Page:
The matter of removal of subsidy on petroleum products, especially premium motor spirit, being the most contentions of the lot, is a double-edged sword. We must, however, give credit to this regime because it has given Nigerians a long notice on the matter. The Minister of Finance, Budget and National Planning, Zainab Ahmed, had long told Nigerians that subsidy on petroleum products would be removed this year, and Nigerians must brace up to pay more tax.

The nation has also been told that 40 million vulnerable Nigerians would get N5,000 each to cushion the effects of the pending price hike. Those in the know have done the math, and come away with the finding that more money would be spent to cushion the effects than is being spent on subsidy. If that is true, as some energy reporters have noted, it were better the   sleeping subsidy dog be left to lie.

It is either government does not intend to pay or it would certainly not pay as much. The payment would be another cosmetic show, exemplified in the Tradermoni and Marketmoni shows done at the inception of this regime which saw the Vice-President, Yemi Osinbajo, going round select markets to promote cash transfers that ended up a rather cosmetic way of “lifting a hundred million Nigerians out of poverty.”

This concept of cushioning transport cost with cash transfers does not seem to be well thought out. Subsidy removal is the sing-song of every successive Nigerian government. None has got a handle on it. Gen. Ibrahim Babangida, one of the most cerebral military men to preside over Nigeria, did something that looked innovative in one of the removals he effected. He came up with the idea that private vehicle owners would pay more at the petrol stations than commercial vehicles. No one told us why it was discontinued, but it was evident that it was an uphill task to implement. It was his own way of cushioning the effects of fuel price increase.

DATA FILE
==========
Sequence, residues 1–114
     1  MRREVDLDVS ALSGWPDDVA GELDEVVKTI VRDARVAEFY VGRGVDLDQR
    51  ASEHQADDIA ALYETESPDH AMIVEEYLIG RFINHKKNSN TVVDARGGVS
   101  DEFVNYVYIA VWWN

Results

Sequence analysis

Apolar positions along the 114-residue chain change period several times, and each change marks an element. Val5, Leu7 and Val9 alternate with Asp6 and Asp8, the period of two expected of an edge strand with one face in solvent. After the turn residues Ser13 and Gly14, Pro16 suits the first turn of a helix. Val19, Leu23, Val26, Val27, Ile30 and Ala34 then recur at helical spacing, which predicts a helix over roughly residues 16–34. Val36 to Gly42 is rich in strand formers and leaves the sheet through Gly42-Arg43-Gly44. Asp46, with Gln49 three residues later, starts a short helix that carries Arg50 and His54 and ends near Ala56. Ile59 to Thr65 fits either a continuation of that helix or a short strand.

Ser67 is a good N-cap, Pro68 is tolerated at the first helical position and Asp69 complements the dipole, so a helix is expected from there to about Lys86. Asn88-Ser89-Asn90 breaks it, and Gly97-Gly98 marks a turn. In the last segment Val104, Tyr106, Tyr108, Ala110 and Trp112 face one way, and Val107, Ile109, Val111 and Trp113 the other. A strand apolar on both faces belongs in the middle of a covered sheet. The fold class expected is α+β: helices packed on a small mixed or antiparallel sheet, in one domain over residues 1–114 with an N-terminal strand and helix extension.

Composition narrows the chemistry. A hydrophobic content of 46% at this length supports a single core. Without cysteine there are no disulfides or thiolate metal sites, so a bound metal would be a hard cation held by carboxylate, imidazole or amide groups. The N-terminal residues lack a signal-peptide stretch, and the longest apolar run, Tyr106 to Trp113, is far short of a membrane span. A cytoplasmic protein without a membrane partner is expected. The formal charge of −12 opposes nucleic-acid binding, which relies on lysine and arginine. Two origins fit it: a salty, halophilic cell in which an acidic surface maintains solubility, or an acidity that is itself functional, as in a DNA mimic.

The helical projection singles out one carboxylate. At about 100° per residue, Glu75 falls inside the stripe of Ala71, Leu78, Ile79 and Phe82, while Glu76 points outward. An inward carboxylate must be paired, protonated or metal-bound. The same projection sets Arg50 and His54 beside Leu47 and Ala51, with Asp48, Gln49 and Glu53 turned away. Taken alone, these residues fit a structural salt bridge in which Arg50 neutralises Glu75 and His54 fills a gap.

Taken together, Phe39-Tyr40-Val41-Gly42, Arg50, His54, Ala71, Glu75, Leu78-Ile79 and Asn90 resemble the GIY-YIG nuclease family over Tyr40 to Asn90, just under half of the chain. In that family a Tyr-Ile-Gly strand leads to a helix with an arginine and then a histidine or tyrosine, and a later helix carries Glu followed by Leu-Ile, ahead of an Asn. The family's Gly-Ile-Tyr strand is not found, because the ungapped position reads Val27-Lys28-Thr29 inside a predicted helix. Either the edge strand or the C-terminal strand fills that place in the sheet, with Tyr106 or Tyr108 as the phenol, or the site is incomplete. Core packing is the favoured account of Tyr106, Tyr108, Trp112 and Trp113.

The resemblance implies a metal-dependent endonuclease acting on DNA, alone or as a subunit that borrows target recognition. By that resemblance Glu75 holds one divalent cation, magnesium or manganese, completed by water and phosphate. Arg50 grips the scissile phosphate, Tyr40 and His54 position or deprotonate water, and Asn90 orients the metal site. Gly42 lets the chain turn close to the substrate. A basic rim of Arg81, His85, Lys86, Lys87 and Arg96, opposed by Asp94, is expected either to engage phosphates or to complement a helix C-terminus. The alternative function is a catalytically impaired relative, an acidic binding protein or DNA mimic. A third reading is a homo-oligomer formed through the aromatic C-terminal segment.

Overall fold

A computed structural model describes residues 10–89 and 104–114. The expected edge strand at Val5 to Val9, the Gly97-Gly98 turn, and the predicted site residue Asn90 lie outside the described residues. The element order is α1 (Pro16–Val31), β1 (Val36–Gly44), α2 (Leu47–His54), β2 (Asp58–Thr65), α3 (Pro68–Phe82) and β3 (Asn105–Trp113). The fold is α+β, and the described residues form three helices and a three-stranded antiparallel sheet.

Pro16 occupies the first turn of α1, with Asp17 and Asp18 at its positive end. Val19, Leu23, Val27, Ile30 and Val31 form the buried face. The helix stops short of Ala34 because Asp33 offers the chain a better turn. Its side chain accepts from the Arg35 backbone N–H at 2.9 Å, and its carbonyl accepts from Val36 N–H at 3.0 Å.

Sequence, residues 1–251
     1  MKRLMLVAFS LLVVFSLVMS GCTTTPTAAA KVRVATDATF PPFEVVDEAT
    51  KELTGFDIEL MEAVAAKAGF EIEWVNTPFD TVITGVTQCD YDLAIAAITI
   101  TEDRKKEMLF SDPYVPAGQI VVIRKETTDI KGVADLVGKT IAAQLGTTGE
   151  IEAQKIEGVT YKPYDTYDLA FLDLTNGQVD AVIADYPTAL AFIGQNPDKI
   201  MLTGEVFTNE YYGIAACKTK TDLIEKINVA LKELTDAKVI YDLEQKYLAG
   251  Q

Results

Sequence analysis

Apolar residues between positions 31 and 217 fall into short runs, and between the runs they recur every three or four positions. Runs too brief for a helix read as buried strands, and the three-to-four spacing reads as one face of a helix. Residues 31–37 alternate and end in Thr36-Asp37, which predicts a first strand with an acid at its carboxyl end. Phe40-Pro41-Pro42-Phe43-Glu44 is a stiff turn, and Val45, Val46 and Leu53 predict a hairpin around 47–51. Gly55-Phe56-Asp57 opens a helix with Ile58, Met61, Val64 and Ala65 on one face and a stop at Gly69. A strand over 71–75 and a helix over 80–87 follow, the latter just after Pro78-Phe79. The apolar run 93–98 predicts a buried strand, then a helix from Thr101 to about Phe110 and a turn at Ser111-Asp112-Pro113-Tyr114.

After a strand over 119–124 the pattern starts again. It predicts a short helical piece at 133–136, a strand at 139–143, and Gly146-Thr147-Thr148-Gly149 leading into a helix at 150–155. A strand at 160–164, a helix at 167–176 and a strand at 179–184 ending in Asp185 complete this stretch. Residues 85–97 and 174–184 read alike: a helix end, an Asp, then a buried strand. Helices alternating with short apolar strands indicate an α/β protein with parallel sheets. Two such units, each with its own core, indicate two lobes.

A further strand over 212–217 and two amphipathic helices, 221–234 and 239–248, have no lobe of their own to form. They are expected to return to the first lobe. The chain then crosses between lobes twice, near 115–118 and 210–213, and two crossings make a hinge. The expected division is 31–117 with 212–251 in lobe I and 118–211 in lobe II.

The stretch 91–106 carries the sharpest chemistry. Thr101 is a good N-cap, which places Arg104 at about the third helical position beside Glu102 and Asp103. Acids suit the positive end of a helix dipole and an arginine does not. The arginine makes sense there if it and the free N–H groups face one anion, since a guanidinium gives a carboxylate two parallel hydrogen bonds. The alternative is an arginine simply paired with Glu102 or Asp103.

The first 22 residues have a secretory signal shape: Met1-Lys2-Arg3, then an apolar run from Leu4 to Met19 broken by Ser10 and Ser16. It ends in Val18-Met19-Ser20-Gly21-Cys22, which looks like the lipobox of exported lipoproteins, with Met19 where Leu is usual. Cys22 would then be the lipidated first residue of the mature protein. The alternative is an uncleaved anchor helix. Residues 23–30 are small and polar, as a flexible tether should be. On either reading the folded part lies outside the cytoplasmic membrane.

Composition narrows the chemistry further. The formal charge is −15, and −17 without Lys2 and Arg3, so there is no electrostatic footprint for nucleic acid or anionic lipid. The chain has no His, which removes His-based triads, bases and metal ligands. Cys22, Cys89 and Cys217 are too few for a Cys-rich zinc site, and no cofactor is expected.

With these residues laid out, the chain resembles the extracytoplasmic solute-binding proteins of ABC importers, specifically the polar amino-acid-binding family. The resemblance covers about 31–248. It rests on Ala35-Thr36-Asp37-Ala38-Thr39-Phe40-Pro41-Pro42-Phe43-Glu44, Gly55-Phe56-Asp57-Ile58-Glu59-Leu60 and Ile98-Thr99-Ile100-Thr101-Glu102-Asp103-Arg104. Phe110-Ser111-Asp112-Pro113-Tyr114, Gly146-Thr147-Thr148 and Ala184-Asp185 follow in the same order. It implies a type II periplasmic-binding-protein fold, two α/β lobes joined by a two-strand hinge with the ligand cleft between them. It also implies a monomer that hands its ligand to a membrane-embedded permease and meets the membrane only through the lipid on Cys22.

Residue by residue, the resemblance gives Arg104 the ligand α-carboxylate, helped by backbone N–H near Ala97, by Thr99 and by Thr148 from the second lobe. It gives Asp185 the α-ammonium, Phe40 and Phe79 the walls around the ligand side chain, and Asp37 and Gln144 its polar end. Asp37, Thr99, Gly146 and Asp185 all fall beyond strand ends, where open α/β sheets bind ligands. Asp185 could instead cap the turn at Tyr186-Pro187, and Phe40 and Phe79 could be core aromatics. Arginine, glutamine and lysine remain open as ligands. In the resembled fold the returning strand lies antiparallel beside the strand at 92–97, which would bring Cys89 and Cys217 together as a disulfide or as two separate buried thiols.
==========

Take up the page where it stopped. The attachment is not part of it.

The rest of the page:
Try as Nigeria has, its financial backbone has remained oil, which is why the matter of removing oil subsidy has turned a constant decimal for every regime. There is no regime in Nigeria, from the days of Gen. Yakubu Gowon, which has not tinkered with the price of petroleum products. All governments since Gowon have adjusted the price of fuel. For me, the reason is that oil is the mainstay of Nigeria’s economy, and governments, over the years, have just been too lazy and laid-back to look for alternatives.

Nigeria once had a head of state who said the country’s problem was not lack of money, but that the nation was at a loss about what to do with money. That regime allegedly paid the salaries of civil servants of a certain indigent county, which came cap in hand. It was an irony of sorts that the regime also pounced on fuel prices when funds began to dip. There is a temptation to conclude, going by the history of this subject, that fuel price increment shall never end.